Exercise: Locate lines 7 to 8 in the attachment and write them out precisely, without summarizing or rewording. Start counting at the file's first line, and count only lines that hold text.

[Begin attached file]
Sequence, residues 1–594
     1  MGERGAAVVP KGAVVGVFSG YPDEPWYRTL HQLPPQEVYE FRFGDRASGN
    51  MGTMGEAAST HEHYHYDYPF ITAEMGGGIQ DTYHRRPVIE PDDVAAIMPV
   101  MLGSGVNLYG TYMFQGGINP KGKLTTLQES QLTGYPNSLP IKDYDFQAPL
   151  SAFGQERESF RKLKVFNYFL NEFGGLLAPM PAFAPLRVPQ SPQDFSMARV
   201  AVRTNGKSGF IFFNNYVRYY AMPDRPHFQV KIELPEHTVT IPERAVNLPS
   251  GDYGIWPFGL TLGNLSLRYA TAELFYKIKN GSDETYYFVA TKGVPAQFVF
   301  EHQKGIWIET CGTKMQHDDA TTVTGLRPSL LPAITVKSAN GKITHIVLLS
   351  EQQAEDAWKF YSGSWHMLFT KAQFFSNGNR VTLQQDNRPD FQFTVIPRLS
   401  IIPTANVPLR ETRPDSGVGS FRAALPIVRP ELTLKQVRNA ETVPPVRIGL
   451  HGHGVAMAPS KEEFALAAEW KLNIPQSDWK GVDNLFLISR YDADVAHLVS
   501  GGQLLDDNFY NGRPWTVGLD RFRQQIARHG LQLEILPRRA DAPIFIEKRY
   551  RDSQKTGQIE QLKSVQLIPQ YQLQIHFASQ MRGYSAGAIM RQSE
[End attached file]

   251  GDYGIWPFGL TLGNLSLRYA TAELFYKIKN GSDETYYFVA TKGVPAQFVF
   301  EHQKGIWIET CGTKMQHDDA TTVTGLRPSL LPAITVKSAN GKITHIVLLS